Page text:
Category Archives: Seminars

Clinton Conley: Unfriendly colorings of measure-preserving graphs of finite cost

Mathematical logic seminar – Jan 16 2018
Time:     3:30pm – 4:30 pm

Room:     Wean Hall 8220

Speaker:         Clinton Conley
Department of Mathematical Sciences
CMU

Title:     Unfriendly colorings of measure-preserving graphs of finite cost

Abstract:

We show that any measure-preserving Borel graph on a standard probability space with finite average degree admits a Borel unfriendly coloring on a conull set. This generalizes the results for group actions discussed last semester, and is joint work with Omer Tamuz.

Osvaldo Guzman Gonzalez: On (1,w_1)-weakly universal functions

Place: Fields Institute (Room 210)

Date: January 12, 2018 (13:30-15:00)

Speaker: Osvaldo Guzman Gonzalez

Title: On (1,w_1)-weakly universal functions

Abstract: We will study a very weak notion of universality of functions in Sacks models. We will answer a question of Shelah and Steprans by showing that there are no (1,w_1)-weakly universal functions after adding uncountably many Sacks reals side by side.

Egbert Thümmel: Ramsey analytic ideals

The seminar meets on Wednesday January 17th at 11:00 in the Institute of
Mathematics CAS, Zitna 25, seminar room, 3rd floor, front building.

Program: Egbert Thümmel — Ramsey analytic ideals
It is an open problem whether analytic tall ideals can be Ramsey. We
show that this is connected to another problem of Hrušák: If an analytic
tall Ramsey ideal exists, then it is nowhere Katětov above the ideal
conv and has no F-sigma extension.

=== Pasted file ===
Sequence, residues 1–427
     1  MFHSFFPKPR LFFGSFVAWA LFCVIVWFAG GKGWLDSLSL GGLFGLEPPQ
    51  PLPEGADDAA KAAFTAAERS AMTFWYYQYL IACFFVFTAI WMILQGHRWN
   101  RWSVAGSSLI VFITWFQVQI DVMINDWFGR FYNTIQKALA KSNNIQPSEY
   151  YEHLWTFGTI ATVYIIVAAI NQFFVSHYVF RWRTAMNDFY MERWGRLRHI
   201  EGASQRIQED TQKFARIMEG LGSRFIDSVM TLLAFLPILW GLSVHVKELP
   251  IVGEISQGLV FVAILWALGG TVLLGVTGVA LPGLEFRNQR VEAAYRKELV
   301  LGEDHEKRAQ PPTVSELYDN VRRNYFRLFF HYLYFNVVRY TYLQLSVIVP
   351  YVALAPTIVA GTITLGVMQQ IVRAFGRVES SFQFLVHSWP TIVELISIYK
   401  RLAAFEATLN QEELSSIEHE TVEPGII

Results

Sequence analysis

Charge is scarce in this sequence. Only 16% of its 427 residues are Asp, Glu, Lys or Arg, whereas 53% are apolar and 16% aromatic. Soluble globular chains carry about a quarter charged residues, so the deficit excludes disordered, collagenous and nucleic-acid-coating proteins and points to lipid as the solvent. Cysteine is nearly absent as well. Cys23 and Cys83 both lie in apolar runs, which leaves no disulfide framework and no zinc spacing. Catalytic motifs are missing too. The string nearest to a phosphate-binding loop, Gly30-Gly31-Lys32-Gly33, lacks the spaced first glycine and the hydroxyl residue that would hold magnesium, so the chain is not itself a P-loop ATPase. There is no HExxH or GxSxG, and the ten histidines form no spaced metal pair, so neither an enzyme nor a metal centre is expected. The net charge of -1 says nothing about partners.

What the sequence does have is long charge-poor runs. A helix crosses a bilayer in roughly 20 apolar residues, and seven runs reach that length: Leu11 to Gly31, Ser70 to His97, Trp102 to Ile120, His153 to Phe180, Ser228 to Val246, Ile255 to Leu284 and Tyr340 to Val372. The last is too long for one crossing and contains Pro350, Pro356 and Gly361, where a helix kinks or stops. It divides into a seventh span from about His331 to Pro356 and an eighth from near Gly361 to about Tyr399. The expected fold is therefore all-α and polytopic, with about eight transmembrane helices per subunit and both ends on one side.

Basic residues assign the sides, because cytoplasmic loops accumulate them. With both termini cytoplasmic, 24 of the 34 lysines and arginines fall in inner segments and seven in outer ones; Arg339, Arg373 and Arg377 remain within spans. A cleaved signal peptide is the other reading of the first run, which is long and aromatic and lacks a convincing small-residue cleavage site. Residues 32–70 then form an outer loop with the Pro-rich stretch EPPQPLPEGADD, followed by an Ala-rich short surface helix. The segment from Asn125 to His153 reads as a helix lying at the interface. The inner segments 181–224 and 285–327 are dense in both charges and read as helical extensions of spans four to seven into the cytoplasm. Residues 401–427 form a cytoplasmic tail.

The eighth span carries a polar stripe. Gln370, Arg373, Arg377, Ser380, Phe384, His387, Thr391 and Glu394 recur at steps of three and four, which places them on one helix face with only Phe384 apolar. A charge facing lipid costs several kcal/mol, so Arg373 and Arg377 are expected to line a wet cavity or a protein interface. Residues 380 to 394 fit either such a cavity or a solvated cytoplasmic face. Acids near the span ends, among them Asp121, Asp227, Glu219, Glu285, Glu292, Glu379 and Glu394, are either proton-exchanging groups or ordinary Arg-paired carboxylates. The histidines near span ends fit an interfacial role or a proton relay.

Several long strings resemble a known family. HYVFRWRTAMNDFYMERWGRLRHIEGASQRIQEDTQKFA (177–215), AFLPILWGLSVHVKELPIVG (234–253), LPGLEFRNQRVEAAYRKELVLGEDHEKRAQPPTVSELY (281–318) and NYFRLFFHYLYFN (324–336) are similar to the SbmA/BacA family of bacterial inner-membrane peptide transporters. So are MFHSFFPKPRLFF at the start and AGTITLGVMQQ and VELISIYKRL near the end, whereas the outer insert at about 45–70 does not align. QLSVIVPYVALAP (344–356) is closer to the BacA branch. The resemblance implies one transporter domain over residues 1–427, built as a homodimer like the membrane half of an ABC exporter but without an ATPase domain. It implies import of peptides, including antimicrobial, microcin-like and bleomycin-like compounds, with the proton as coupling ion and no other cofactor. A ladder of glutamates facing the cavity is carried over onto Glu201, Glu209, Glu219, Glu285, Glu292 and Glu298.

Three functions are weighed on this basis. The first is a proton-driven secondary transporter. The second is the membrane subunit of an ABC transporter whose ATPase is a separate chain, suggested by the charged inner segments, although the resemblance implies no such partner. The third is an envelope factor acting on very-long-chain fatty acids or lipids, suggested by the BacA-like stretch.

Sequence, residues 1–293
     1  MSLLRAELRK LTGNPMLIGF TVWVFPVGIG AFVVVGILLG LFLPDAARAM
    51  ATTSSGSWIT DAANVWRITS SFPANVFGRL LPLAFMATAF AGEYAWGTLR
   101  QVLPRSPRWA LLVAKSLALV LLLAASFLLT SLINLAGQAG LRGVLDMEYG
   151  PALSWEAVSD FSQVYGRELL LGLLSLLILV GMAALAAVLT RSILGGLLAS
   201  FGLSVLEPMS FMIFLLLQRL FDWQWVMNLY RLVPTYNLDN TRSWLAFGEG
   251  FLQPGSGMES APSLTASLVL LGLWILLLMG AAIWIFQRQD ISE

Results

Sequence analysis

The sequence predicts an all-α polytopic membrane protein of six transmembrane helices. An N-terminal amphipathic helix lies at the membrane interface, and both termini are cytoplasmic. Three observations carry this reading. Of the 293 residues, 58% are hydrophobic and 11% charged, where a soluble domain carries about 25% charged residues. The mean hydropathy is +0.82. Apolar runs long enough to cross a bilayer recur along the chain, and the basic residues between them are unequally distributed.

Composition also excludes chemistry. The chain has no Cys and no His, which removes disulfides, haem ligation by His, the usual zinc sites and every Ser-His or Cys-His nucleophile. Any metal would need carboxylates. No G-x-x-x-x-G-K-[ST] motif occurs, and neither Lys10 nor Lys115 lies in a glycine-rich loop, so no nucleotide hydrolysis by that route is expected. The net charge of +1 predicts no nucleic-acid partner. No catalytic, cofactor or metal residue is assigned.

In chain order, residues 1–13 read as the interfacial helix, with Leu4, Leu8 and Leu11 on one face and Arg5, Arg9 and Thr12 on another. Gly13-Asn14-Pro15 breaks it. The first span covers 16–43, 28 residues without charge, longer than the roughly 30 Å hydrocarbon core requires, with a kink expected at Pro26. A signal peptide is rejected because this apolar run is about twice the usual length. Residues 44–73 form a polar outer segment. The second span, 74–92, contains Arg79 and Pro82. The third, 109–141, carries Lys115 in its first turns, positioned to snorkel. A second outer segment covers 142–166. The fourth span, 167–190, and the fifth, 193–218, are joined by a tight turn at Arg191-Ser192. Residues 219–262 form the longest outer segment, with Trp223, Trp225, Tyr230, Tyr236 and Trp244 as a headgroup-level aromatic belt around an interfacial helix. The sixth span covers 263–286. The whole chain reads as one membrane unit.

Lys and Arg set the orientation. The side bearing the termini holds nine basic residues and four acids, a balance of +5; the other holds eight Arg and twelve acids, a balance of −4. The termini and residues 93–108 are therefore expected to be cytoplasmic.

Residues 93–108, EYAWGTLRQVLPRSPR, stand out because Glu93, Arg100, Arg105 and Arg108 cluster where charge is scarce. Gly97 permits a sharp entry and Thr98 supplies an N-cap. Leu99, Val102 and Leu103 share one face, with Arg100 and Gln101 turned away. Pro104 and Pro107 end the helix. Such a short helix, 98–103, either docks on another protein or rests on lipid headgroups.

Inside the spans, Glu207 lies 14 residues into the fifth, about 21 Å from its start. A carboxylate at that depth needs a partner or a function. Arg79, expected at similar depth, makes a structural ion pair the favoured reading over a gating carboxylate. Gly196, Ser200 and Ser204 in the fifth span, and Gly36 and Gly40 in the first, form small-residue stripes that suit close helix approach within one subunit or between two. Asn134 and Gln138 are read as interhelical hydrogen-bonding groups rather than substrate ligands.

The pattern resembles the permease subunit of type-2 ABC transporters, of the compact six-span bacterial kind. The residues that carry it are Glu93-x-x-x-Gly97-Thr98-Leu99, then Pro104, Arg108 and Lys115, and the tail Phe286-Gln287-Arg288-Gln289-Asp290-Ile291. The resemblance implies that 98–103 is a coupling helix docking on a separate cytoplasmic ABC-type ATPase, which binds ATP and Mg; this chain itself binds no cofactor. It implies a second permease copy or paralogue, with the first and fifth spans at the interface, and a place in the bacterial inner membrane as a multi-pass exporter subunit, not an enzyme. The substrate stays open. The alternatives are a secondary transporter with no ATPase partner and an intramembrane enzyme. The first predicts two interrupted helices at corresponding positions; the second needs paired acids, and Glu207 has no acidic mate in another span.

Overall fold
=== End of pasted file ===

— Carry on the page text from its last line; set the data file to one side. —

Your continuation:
David Schrittesser – On the Complexity of Maximal Cofinitary Groups

Talk held by David Schrittesser (KGRC) at the KGRC seminar on 2018-01-11.

Abstract: A maximal cofinitary group is a subgroup of the group of permutations of the set of natural numbers $\mathbb N$ such that any group element has only finitely many fixed points, and no strictly larger group of permutations of $\mathbb N$ has this property. Improving a result of Horowitz and Shelah, we show that there is a closed maximal cofinitary group.

Dana Bartošová: Ellis problem for automorphism groups

The seminar meets on Wednesday January 10th at 11:00 in the Institute of
Mathematics CAS, Zitna 25, seminar room, 3rd floor, front building.

Program: Dana Bartošová — Ellis problem for automorphism groups

Abstract: It is an old problem of Ellis to determine whether two
prominent dynamical system of a given topological group are isomorphic.
For discrete groups, only the integers are known to be a counterexample
by a complex result of Glasner and Weiss. Trivially, groups acting with
a fixed point under any action are counterexamples. We extend the class
of counterexamples to a few automorphism groups and we will have a
closer look at the full permutation group, $S_{\infty}$. This leads us